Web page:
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Wreaths Across America ceremonies honoring deceased veterans starts Dec. 14

Wreaths Across America at Jacksonville National Cemetery. (Facebook)

Around 700 deceased veterans interred in Moses Lake, Ephrata, Soap Lake and Quincy, Wash. cemeteries will be honored with wreaths placed by their gravestones Dec. 14 and 15 by the Columbia Basin Composite Squadron, Civil Air Patrol Ephrata.

It will be just one leg of a nationwide effort through non-profit group Wreaths Across America, which holds an annual ceremony of laying wreaths on the graves of veterans across the U.S. and in locations around the globe. Close to 1,700 locations took place in last year’s event, laying nearly 1.8 million wreaths thanks to the efforts of over a million volunteers, according to a press release.

Last year’s ceremony was the largest showing yet for the local composite squadron, which placed around 1200 wreaths at Quincy, Ephrata, Soap Lake Cemeteries, as well as six other locations across Grant County and Adams County, CAP Commander First Lieutenant Karen Hildebrand wrote in a press release.

This year’s theme, “Everyone Plays A Part,” was a recommendation made by 10-year-old “Mighty” Miles Worcester, the grandson of the founders of Wreaths Across America, Morrill and Karen Worcester, according to the press release.

While in Washington D.C. for an event last May, Worcester noticed a member of the armed forces in uniform at the hotel where he was staying, and approached him to thank him for his service.

“And his response was simple and impactful: ‘Thank you…everyone plays a part,’” according to the press release.

Wreaths Across America began as an expansion of the annual wreath-laying ceremony at Arlington National Cemetery begun by Maine businessman Morrill Worcester, who owns the tree farm that now provides the organization with thousands of wreaths every year. The trees themselves are sponsored by the families of deceased veterans.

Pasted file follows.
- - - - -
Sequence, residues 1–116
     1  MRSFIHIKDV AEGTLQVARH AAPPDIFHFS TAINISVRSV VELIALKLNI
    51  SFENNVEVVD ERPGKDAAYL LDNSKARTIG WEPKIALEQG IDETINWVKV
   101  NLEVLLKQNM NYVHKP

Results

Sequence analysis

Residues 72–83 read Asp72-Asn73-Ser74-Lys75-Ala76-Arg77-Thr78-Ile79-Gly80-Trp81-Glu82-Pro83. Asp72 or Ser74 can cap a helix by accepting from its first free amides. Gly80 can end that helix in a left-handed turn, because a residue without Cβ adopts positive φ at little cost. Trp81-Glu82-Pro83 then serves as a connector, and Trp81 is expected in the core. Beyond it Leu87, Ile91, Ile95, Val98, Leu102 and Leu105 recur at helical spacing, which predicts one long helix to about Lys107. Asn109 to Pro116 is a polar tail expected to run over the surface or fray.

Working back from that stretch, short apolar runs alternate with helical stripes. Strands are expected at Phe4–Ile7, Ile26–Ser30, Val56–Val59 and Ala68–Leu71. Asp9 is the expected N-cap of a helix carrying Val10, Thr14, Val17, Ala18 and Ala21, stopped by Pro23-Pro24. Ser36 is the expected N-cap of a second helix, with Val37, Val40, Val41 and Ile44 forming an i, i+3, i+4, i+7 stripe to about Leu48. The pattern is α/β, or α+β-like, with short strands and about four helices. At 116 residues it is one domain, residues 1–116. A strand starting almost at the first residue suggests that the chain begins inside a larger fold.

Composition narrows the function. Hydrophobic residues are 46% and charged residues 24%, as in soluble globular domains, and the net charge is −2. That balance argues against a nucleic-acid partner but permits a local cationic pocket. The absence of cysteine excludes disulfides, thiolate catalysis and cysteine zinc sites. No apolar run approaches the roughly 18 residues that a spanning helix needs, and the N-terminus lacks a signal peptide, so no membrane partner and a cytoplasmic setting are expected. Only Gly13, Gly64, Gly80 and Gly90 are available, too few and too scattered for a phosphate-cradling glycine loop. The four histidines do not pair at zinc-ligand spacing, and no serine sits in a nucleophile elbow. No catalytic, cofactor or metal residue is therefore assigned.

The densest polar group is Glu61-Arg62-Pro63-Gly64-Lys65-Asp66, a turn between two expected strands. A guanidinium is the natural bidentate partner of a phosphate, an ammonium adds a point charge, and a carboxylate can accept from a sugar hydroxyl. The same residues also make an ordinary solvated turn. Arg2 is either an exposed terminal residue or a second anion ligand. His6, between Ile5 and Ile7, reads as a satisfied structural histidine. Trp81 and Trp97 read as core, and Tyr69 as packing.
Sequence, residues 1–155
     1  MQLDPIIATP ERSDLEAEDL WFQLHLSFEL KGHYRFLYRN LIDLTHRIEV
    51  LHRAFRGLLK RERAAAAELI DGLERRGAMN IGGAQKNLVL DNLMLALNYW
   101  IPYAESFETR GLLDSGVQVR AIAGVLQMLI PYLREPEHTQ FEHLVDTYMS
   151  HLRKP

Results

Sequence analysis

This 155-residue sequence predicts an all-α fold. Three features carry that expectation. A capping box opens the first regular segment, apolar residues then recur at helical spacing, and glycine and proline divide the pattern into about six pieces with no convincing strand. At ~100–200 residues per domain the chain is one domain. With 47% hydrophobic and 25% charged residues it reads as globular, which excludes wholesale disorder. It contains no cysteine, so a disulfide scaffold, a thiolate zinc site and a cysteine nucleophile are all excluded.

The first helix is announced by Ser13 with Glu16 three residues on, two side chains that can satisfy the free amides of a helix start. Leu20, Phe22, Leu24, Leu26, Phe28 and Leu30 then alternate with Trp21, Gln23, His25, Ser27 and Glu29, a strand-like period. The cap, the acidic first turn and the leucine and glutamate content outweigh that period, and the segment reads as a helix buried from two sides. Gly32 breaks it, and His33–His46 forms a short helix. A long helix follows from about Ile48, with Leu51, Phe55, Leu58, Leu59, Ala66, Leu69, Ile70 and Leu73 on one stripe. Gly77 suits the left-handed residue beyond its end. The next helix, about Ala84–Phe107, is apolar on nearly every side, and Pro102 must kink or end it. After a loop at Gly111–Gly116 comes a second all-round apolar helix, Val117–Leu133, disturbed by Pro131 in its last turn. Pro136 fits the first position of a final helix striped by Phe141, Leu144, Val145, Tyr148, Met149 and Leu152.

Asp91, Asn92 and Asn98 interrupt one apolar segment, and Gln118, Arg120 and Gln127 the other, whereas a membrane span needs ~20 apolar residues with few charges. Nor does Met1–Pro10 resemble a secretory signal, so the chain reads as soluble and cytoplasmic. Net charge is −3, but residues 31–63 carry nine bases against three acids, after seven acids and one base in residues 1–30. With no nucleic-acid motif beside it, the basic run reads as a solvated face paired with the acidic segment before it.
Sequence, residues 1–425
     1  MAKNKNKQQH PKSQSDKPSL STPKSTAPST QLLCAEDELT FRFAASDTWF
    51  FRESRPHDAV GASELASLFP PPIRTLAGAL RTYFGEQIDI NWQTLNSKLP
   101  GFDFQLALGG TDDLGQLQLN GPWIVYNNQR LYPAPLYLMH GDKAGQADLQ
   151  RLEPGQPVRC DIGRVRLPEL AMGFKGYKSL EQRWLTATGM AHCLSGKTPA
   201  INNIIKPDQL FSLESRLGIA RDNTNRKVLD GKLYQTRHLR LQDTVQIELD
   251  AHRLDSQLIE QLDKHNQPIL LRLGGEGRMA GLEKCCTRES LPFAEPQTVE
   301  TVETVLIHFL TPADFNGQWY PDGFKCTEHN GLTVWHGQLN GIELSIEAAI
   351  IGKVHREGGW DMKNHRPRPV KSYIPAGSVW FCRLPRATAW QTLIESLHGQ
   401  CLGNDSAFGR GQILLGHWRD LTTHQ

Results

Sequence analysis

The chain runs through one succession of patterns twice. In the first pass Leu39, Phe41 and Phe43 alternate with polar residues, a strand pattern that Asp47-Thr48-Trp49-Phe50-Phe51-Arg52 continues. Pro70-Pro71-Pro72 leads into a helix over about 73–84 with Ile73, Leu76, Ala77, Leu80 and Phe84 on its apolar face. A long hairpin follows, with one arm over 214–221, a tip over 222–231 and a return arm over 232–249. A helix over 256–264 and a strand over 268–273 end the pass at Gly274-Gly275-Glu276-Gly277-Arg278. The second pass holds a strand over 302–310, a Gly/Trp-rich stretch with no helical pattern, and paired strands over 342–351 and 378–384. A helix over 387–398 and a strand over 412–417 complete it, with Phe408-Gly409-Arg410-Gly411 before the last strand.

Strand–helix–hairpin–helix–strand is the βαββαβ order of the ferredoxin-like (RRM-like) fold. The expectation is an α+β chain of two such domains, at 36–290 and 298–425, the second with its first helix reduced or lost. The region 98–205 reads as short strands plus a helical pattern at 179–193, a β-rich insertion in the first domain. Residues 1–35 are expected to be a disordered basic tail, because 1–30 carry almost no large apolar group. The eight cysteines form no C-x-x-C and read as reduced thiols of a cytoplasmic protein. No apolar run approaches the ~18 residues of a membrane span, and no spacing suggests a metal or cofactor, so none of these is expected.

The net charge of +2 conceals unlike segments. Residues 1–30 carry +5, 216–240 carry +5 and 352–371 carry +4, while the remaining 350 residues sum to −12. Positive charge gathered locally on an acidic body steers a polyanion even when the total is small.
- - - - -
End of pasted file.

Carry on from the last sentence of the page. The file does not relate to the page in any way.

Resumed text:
“It’s a way of honoring our past veterans,” said Hildebrand. “We say thank you to all of our military and veterans who are still around today, but this is a chance to thank those who have paved the way. And it’s a good way to teach kids about being patriotic.”

This year’s Ephrata Cemetery ceremony will begin with a procession from Camp Boucher, the Columbia Basin Composite Squadron building, located at 50 Airport St. From there, the procession will go down to the Ephrata Cemetery at 9:15 a.m. and will be escorted by the Ephrata City Police, members of Civil Air Patrol and members of the community.

That ceremony has been scheduled to coincide with Ephrata’s annual Miracle on Main Street, a tree lighting ceremony and parade.

The Ephrata Cemetery ceremony will take place Dec. 14 at 10 a.m. The Quincy Cemetery ceremony will take place Dec. 14 at 1 p.m. The Soap Lake Cemetery ceremony will take place Dec. 15 at 11 a.m. In all cases, the community is invited to participate and help place wreaths on the graves of veterans.

No formal ceremony will take place in Moses Lake, due to scheduling conflicts and a limited number of wreaths this year, though some wreaths will be placed as available.


© 2019 the Columbia Basin Herald